If you buy and sell via PayPal, it is dead easy. You can download your history into a spreadsheet, and at a stroke 90% of the figures you need for your tax return are there. :D

I work for HMRC, the tax office. :D
Mate, your either going to be everybody's best friend or the most hated person on Stampboards, Haha :D :D :D

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I am a Collector of all British New Guinea, Papua and TP&NG. Would love to talk to fellow collectors of same. Robbo
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Re: EBAY sellers ... request from ATO (Tax Office) etc

Post by Machaggis52 »

aussie_robbo60 wrote:
Machaggis52 wrote:
Tassie_Stamps wrote:Anyone selling more than $20,000 a year on eBay should be keeping proper sales records anyway.

Defrauding the Commonwealth to save a bit of cash isn't worth it when you end up with huge fines... or worse.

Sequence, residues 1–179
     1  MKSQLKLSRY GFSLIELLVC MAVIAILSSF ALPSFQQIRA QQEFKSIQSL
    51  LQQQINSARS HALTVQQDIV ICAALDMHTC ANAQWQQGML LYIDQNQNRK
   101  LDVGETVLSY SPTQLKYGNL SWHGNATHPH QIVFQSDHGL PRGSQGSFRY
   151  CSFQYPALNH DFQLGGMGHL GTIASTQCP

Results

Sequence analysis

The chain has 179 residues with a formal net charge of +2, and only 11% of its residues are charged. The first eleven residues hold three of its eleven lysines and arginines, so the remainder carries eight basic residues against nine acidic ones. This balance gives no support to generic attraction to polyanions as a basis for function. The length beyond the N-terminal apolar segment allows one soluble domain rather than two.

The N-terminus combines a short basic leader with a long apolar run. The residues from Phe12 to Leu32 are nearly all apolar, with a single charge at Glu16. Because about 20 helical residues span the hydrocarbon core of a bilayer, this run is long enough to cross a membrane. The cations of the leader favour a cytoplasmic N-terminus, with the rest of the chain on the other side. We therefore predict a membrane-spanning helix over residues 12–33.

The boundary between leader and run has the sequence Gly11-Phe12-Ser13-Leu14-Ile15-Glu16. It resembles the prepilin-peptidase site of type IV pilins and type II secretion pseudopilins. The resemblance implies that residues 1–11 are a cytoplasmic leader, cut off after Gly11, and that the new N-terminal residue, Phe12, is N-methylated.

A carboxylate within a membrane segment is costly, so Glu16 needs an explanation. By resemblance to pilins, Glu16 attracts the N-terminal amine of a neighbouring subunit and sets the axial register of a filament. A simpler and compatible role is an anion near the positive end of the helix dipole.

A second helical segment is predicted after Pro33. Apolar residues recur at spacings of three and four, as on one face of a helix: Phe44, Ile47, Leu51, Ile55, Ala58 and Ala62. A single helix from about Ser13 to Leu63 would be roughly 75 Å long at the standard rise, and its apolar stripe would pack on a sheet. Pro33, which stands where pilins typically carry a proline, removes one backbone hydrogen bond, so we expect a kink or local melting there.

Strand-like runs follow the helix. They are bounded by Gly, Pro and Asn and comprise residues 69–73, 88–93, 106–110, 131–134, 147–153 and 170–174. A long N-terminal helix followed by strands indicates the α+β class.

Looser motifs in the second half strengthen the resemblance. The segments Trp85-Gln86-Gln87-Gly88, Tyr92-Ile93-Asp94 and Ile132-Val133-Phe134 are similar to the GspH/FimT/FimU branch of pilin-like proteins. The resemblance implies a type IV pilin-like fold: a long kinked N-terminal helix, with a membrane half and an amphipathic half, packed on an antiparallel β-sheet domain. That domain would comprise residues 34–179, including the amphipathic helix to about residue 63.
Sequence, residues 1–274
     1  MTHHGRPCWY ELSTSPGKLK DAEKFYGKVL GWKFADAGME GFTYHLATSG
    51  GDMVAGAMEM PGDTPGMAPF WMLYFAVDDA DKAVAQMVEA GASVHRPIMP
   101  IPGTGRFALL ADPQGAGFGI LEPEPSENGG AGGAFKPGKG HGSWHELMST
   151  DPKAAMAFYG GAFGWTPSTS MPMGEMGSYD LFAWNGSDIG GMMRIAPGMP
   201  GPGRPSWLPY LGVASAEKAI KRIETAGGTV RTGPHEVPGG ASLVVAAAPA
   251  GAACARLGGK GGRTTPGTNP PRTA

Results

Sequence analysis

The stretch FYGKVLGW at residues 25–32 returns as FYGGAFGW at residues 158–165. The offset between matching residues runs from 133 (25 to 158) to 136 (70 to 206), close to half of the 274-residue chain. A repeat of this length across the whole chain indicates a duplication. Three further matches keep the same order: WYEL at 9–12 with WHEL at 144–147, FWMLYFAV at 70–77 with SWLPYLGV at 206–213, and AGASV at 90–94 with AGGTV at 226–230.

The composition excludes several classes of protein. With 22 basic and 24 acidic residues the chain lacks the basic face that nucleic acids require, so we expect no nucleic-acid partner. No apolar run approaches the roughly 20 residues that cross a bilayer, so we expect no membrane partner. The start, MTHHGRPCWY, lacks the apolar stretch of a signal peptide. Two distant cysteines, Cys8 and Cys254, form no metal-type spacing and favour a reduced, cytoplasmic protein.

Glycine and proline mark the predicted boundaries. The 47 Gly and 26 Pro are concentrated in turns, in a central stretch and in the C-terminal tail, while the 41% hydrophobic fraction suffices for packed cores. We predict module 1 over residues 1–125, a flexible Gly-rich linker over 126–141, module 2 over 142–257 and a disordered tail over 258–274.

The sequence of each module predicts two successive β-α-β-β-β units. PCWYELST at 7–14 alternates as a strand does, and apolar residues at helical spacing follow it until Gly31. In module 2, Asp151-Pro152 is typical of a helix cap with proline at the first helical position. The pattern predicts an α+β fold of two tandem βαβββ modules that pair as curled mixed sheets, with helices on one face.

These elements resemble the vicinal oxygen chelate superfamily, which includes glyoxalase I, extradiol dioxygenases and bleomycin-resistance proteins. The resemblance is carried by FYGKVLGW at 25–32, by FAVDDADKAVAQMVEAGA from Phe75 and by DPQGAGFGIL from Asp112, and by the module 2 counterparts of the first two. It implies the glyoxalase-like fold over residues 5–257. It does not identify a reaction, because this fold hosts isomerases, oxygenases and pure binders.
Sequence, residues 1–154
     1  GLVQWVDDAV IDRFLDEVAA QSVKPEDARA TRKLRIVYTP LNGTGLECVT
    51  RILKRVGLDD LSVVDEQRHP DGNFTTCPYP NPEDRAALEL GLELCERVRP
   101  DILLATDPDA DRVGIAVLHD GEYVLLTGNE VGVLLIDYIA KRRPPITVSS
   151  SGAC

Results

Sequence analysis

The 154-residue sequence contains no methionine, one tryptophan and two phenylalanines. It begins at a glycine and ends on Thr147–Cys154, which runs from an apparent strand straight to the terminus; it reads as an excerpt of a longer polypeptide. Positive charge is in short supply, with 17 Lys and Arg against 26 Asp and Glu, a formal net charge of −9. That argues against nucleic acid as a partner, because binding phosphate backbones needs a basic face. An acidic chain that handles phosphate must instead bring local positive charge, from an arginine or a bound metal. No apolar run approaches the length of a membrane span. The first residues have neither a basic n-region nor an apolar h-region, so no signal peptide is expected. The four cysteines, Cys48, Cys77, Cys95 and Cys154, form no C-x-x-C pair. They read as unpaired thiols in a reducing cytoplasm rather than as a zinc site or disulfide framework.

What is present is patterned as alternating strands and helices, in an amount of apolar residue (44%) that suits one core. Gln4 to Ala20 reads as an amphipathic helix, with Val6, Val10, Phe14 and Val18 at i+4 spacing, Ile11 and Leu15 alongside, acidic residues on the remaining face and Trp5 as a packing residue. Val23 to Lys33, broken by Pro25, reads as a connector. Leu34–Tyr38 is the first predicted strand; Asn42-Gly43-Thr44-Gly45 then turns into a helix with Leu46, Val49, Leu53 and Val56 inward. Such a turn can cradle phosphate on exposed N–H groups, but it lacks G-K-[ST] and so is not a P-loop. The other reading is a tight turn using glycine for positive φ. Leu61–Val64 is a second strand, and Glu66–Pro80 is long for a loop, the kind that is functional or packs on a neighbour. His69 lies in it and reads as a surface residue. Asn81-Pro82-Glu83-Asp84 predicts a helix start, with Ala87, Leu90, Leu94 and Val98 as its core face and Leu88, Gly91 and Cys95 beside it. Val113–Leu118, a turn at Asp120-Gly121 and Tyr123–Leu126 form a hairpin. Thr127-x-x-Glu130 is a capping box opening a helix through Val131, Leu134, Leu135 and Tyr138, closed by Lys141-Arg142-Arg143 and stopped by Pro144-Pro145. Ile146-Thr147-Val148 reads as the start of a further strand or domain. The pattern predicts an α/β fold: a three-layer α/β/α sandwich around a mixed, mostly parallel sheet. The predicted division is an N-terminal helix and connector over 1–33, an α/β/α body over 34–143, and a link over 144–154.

If you buy and sell via PayPal, it is dead easy. You can download your history into a spreadsheet, and at a stroke 90% of the figures you need for your tax return are there. :D

I work for HMRC, the tax office. :D
Mate, your either going to be everybody's best friend or the most hated person on Stampboards, Haha :D :D :D

God loves a Scottsman with B##ls, British Isles collection, for those that thought other wise :lol: :lol: :lol:
Worse yet, I work in debt management. If you can't pay in full, and call in to try and get time to pay, I'm one of the people you have to negotiate with. :D
With kind regards, Jim
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Re: EBAY sellers ... request from ATO (Tax Office) etc

Post by traralgon3844 »

UPDATE 2015
It would appear the ATO are getting stricter. They are now seeking detals of people making over $10,000 a year. Pretty soon all income will have to be reported.

From news.com.au aka Herald Sun.

THE taxman is launching a hunt for online tax cheats.